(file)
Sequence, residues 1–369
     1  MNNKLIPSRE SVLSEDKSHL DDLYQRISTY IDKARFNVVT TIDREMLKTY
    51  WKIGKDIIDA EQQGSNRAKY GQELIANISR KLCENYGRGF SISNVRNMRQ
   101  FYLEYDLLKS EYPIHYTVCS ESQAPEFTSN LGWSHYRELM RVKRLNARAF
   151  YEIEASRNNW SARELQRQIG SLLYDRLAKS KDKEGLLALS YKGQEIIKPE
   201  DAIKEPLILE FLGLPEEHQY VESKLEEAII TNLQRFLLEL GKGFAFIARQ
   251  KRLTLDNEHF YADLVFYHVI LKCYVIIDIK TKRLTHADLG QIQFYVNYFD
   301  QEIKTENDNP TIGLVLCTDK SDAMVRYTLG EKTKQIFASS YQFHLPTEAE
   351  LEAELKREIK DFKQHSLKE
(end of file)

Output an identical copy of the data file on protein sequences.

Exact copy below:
Sequence, residues 1–369
     1  MNNKLIPSRE SVLSEDKSHL DDLYQRISTY IDKARFNVVT TIDREMLKTY
    51  WKIGKDIIDA EQQGSNRAKY GQELIANISR KLCENYGRGF SISNVRNMRQ
   101  FYLEYDLLKS EYPIHYTVCS ESQAPEFTSN LGWSHYRELM RVKRLNARAF
   151  YEIEASRNNW SARELQRQIG SLLYDRLAKS KDKEGLLALS YKGQEIIKPE
   201  DAIKEPLILE FLGLPEEHQY VESKLEEAII TNLQRFLLEL GKGFAFIARQ
   251  KRLTLDNEHF YADLVFYHVI LKCYVIIDIK TKRLTHADLG QIQFYVNYFD
   301  QEIKTENDNP TIGLVLCTDK SDAMVRYTLG EKTKQIFASS YQFHLPTEAE
   351  LEAELKREIK DFKQHSLKE